Answer 16:   Maybe, depending on the questions asked.  Generalized questions that do not elicit disability-related or other confidential information are permissible.  These could include asking the employee to confirm such things as that s/he is free of fever or other known COVID-19 symptoms, has not been in contact with a positive or presumed positive individual, and is not under an order or recommendation of quarantine.

Question 17:  If an employee develops COVID-19, am I required to record the illness or report it to the Occupational Safety and Health Administration (OSHA)? 

Answer 17:  Maybe.  Generally, an illness is recordable if the illness is contracted as a result of the employee performing their work-related duties, and if it requires medical treatment beyond first aid or days away from work.  Although common colds and the flu are excluded from the obligation to record work-related illness, COVID-19 is not excluded.  Accordingly, a confirmed case of COVID-19 is a recordable illness if a worker is infected as a result of performing their work-related duties, provided it requires medical treatment or days away from work (which is likely, unless the employee is asymptomatic and already working remotely).  Moreover, if an employee who contracts COVID-19 at work later requires in-patient hospitalization, you must report the in-patient hospitalization to OSHA.

Of course, it may be difficult or impossible to know whether an employee’s infection actually resulted from their performance of work-related duties.  That said, best practice would be to assume that if an employee develops COVID-19 after having had known contact with another employee who has a confirmed case of COVID-19, the incident should be recorded or reported, as applicable.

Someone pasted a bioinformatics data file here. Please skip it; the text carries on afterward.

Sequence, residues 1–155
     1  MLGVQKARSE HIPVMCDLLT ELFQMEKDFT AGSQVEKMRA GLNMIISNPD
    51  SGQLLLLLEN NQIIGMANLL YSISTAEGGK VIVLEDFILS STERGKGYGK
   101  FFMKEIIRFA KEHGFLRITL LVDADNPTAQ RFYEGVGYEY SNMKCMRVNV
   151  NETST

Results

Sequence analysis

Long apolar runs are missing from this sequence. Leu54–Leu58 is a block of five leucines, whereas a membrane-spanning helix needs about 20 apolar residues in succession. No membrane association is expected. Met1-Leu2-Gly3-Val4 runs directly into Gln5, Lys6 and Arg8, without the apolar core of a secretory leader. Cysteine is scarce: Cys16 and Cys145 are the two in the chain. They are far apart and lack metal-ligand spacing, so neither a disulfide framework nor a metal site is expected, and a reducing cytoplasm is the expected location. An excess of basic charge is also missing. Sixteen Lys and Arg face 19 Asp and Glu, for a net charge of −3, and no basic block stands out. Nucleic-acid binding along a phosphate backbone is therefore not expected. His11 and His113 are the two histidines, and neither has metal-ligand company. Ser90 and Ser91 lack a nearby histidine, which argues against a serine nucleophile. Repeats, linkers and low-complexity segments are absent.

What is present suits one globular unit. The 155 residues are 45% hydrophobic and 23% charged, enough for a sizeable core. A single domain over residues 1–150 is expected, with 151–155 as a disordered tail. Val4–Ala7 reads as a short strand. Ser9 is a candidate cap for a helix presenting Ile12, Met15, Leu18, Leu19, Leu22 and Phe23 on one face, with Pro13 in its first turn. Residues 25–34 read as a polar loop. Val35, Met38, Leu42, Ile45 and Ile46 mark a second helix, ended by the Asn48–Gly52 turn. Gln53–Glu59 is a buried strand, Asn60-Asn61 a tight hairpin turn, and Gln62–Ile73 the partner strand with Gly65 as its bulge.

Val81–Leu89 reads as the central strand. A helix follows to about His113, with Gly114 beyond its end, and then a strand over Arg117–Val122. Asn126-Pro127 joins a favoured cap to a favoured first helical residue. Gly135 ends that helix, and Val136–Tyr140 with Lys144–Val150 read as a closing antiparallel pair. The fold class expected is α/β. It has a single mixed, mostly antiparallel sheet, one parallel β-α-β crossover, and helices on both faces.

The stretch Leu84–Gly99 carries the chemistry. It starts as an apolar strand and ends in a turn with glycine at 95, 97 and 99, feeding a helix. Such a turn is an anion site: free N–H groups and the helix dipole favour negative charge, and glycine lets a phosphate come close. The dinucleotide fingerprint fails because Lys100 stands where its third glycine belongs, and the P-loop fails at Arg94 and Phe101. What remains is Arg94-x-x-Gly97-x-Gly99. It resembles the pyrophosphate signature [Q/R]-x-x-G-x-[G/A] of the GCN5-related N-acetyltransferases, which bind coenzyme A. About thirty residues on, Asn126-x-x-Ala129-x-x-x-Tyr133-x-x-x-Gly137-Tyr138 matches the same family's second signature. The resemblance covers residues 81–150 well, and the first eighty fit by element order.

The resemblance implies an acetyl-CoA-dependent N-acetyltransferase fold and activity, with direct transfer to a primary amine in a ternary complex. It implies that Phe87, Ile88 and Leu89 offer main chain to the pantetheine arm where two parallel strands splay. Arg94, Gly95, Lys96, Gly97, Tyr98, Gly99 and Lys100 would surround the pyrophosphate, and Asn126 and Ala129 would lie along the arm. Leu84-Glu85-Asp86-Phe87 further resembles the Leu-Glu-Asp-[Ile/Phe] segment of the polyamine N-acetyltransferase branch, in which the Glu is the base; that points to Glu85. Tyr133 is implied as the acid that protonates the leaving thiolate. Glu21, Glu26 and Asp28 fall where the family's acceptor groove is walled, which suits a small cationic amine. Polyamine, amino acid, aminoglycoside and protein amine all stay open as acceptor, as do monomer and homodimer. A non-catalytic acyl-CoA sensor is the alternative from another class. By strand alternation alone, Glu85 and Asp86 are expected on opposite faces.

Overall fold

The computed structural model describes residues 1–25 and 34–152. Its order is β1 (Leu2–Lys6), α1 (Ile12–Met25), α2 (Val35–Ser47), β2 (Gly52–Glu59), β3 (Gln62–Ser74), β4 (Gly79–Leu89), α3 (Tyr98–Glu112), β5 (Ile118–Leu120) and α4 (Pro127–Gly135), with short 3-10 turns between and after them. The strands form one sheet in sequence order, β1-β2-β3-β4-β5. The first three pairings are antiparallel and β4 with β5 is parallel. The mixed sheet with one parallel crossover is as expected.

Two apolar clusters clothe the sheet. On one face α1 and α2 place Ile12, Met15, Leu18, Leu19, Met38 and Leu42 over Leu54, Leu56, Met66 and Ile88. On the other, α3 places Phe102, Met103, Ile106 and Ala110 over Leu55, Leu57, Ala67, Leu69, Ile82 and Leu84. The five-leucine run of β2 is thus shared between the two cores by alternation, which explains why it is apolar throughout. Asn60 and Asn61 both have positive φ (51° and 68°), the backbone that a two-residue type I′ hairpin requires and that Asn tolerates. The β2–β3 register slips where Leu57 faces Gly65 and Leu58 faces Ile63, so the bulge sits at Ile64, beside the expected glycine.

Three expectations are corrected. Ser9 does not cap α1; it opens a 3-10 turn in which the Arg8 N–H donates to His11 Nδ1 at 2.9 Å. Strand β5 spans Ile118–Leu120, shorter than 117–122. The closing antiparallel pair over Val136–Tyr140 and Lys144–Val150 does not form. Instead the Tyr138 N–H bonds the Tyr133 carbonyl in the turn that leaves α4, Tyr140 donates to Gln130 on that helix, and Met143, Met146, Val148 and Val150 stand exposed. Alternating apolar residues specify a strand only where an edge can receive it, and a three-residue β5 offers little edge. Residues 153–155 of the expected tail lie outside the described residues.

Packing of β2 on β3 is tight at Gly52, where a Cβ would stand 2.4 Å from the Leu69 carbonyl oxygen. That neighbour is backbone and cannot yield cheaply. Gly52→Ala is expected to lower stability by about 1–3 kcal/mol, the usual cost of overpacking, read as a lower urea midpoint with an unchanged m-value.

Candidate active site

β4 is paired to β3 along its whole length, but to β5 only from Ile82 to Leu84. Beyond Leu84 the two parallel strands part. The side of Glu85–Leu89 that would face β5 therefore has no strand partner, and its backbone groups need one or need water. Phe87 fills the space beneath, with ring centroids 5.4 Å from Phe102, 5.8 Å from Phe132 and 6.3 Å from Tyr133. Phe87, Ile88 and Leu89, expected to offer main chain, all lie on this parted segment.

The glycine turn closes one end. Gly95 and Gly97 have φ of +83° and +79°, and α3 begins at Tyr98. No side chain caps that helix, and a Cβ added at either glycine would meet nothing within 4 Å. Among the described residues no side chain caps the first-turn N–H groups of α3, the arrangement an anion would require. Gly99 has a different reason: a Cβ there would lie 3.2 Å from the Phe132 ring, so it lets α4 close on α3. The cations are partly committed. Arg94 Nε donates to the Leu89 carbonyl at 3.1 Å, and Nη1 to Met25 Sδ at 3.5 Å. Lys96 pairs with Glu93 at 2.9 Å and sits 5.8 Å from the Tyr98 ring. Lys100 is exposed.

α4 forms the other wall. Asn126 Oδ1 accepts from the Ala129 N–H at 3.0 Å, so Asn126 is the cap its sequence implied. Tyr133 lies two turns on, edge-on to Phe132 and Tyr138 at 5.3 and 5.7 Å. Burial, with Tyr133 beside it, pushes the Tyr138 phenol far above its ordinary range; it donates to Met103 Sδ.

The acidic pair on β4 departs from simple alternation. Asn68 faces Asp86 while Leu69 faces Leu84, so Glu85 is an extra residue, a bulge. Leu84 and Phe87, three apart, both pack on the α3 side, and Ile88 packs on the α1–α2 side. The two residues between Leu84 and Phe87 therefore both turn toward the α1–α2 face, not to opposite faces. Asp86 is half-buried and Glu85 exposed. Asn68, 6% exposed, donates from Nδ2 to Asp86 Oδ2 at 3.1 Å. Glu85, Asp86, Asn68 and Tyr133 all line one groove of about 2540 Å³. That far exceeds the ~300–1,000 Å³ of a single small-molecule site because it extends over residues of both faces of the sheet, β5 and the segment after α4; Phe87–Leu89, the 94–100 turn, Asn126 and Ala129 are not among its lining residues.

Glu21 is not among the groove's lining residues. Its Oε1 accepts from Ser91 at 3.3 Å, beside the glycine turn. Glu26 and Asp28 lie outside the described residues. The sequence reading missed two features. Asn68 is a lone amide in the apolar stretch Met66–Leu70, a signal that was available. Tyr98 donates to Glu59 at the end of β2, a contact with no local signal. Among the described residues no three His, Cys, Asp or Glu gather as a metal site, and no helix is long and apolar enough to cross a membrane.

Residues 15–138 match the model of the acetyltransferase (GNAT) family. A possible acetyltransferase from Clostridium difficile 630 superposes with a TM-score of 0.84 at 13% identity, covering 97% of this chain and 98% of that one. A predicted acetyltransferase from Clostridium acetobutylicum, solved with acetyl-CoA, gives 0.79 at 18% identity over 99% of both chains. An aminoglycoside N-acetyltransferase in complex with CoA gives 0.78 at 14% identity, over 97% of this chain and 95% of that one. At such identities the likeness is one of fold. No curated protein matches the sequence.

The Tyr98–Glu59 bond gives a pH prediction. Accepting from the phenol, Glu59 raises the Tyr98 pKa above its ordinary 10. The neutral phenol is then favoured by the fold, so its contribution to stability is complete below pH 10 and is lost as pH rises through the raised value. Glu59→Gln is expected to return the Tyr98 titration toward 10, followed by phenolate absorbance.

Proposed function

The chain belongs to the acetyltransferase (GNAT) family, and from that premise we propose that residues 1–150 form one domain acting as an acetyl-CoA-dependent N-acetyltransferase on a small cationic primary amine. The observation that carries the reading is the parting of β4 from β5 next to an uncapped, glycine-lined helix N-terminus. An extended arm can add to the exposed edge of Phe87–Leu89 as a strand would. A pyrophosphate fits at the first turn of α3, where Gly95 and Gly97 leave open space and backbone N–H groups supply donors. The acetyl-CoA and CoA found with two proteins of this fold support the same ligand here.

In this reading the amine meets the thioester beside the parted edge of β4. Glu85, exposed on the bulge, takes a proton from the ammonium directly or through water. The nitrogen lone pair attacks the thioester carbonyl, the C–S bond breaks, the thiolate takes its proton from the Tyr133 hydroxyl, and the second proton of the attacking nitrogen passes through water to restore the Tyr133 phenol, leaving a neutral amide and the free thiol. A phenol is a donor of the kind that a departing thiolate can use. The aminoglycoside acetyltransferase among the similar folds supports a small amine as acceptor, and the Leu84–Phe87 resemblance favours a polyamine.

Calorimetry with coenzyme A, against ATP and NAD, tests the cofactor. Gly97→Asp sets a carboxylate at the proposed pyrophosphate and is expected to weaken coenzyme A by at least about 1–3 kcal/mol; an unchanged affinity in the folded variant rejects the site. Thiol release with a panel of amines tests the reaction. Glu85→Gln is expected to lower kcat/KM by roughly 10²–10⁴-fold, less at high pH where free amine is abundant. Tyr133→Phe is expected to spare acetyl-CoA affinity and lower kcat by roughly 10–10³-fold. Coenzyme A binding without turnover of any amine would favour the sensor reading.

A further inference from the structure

Question 18:  Our organization is covered by the FFCRA. We have reduced a number of employees to part-time in response to the current situation, with some working only one day per week.  Will those employees still be eligible for the paid public health emergency FMLA leave and paid sick time under the FFCRA, and if so, how much?

Answer 18 [Updated]Yes, based on their scheduled hours.  There is no minimum hours threshold to receive paid public health emergency FMLA leave or paid sick time under the FFCRA.  The amount of paid sick time granted to part-time employees (defined as those working less than 40 hours per week) is not the full 80 hours, but rather the average number of hours the employee works over a two-week period.  For public health emergency FMLA leave, pay is pro-rated based on the number of hours the employee would otherwise be regularly scheduled to work.  If an employer has implemented a schedule reduction, and an affected employee is unable to work the new schedule due to sick time or E-FMLA qualifying reasons, they must be given leave based on the new schedule – the paid time off may not be used for the hours the employee is no longer scheduled to work.  See the DOL Q&A (no. 28), for details.

If an employee does not have a regular schedule, the amount of E-FMLA leave pay is calculated based on the average number of daily hours over the six months preceding leave (or, for newer employees, the reasonable expectation of the employee at the time of hiring of the average number of hours that the employee would be normally scheduled to work).